Nice example of the Carey & Lea 1827 edition of John Melish's map of the United States,
The map extends westward to depict the northwest, Missouri and "Arkansa" territories, and the province of Mexico, including Texas. The map draws extensively from Lewis & Clark, Pike, Humboldt and others.
The area in the northwestern most part of Missouri Territory has been significantly updated from earlier editions. The first difference is the change in the border with British America west of the Rocky Mountains, an early example of the American claims to the region north of the 49th Parallel which would dominate British-American politics for the next 2 decades and nearly lead to war. The map also includes significant improvements in the depiction of the Upper Missouri, Clark Fork and Columbia Rivers, including the depiction of many early Indian Tribes.
Further south in what would become Utah, Wyoming and Colorado, the map has also been completely revised. Lake Timpanogos (Salt Lake) takes on a new shape and the Rio de San Buenaventura, the mythical river extending to the Pacific Ocean, is now plainly depicted along with an improved but still wildly speculative Rio Colorado and tributaries. The "American Desert" is no longer shown, but the mountain ranges and rivers in New Mexico are greatly improved and additional topographical features are added in Texas, most notably south of the Red River.
Henry Charles Carey (1793-1879) was an American geography publisher and businessman. He was the son of Mathew Carey and carried on the family publishing company in partnership with his brother-in-law, Isaac Lea. Henry worked in his father’s business from a young age. At twelve, he managed a store selling his father’s publications. At fifteen, he was the firm’s financial manager. In 1817, he became a junior partner, which changed the company’s name to Carey & Son.
In 1822, Mathew Carey brought in a new junior partner, Isaac Lea, who had married Henry’s sister, Frances Anne. In the same year, Mathew Carey left the business, with Henry buying out his father’s share. His younger brother briefly joined the business, but left by 1829, when the firm was named Carey & Lea. William A. Blanchard joined the firm in 1833, causing another name change to Carey, Lea & Blanchard. Henry retired in 1835, leaving the firm as Lea & Blanchard.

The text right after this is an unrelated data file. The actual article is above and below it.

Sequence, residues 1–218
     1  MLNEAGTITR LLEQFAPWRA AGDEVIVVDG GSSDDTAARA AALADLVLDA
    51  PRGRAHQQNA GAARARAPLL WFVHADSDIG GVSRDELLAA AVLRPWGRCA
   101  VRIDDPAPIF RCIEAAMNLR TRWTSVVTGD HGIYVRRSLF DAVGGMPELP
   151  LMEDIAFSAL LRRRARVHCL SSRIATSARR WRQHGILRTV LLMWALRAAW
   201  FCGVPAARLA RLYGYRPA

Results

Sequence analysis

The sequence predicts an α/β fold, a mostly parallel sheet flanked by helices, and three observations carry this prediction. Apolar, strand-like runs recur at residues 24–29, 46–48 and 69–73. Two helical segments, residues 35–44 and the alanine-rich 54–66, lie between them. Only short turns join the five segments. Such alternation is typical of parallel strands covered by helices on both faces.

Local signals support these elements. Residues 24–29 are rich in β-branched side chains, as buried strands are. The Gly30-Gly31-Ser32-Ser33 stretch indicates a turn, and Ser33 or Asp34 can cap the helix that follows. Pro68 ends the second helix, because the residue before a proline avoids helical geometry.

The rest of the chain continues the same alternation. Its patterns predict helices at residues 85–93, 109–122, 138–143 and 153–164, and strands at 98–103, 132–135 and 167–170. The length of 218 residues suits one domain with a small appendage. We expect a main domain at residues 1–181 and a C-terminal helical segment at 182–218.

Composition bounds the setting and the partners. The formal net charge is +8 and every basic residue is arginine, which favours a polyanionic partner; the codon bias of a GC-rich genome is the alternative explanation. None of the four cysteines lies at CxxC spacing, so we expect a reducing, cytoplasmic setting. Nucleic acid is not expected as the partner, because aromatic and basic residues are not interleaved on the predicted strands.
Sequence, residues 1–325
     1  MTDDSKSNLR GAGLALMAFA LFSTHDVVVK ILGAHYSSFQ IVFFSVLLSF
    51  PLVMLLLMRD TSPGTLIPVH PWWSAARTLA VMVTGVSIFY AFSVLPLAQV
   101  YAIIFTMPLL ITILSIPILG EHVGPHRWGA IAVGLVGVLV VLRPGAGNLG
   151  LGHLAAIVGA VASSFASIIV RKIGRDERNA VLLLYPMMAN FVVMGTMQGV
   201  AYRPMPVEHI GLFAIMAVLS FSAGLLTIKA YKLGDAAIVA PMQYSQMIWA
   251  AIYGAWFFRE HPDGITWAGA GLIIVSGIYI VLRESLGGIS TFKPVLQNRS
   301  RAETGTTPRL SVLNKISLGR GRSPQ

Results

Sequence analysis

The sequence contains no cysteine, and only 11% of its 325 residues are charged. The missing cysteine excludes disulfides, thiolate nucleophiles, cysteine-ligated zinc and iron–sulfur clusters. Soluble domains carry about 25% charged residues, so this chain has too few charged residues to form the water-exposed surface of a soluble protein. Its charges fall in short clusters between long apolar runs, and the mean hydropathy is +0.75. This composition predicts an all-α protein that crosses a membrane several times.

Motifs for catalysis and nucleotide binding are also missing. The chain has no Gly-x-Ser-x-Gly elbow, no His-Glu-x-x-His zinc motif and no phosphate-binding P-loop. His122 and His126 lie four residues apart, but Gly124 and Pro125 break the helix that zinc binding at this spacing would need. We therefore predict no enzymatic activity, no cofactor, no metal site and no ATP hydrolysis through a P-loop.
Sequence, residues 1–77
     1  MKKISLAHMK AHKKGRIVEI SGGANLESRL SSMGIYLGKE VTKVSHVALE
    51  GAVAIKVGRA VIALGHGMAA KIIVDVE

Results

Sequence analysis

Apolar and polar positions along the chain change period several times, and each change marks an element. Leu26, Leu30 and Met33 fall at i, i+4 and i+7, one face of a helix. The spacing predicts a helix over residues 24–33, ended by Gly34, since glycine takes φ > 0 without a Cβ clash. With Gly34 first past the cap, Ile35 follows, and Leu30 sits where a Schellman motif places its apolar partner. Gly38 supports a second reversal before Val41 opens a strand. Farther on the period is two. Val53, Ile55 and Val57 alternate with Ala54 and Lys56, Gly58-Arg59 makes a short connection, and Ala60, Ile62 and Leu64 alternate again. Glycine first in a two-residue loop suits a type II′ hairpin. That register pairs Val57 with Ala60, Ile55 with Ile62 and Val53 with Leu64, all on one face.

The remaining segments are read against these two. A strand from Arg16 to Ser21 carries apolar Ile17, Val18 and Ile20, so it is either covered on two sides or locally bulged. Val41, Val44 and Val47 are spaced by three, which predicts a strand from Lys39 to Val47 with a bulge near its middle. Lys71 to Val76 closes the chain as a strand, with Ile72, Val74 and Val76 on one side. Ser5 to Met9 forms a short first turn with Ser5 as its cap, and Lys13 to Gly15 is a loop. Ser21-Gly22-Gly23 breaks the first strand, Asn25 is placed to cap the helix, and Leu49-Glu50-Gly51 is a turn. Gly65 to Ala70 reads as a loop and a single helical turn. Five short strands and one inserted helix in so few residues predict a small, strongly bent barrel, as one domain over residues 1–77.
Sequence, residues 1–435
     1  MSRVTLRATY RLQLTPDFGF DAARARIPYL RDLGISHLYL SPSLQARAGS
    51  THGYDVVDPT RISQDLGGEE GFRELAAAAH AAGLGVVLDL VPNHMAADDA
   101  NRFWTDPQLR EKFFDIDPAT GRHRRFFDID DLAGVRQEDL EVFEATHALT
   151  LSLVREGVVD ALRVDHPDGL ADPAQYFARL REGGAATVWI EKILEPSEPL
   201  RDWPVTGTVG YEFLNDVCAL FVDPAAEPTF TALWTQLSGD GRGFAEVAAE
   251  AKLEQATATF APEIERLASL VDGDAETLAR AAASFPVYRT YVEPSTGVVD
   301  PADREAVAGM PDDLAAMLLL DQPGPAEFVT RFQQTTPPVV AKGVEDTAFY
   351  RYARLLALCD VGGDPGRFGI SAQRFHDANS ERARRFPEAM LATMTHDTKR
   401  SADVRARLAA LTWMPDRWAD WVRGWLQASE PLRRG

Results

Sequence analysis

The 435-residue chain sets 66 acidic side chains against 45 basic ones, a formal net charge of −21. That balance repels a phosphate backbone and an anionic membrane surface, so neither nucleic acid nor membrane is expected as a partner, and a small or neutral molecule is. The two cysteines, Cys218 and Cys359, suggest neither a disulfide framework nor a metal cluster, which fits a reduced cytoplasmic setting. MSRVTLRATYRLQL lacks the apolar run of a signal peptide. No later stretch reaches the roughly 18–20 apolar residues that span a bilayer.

Henry had outside interests, including political economy. He published Principles of Political Economy in 1837. He also wrote Past, Present, and Future (1848), Principles of Social Science (1858-1860), and The Unity of Law (1872). In the 1850s, he was very active in organizing the nascent Republican Party. He died in 1879.
Isaac Lea (1792-1886) was an American publisher and geologist. Raised a Quaker in Delaware, he turned away from pacifist teachings and joined the militia in the War of 1812. After marrying Frances Anne, the daughter of publishing magnate Mathew Carey, Lea became a junior partner of Carey & Son in 1822. Mathew Carey left the firm in the same year and Isaac Lea worked primarily with his brother-in-law, Henry Charles Carey.
The pair conducted business as Carey & Lea, during which time they published A Complete Historical, Chronological and Geographical Atlas from 1822 to 1827. This work included roughly twenty maps engraved by Fielding Lucas Jr., as well as an American edition of Starling’s Cabinet Atlas. However, the firm increasingly turned away from cartographic publications.
By 1829, after the brief participation of Edward Carey, Henry’s younger brother, the company became known as Carey & Lea. William A. Blanchard joined the firm in 1833, causing another name change to Carey, Lea & Blanchard. Henry retired in 1838, leaving the firm as Lea & Blanchard.
Isaac Lea was not just a publisher, but an avid researcher with aptitude for geology. He was a member of the American Academy of Natural Sciences and the American Philosophical Society. He retired from publishing in 1851 and turned increasingly to geological research, results of which he published until his death in 1886.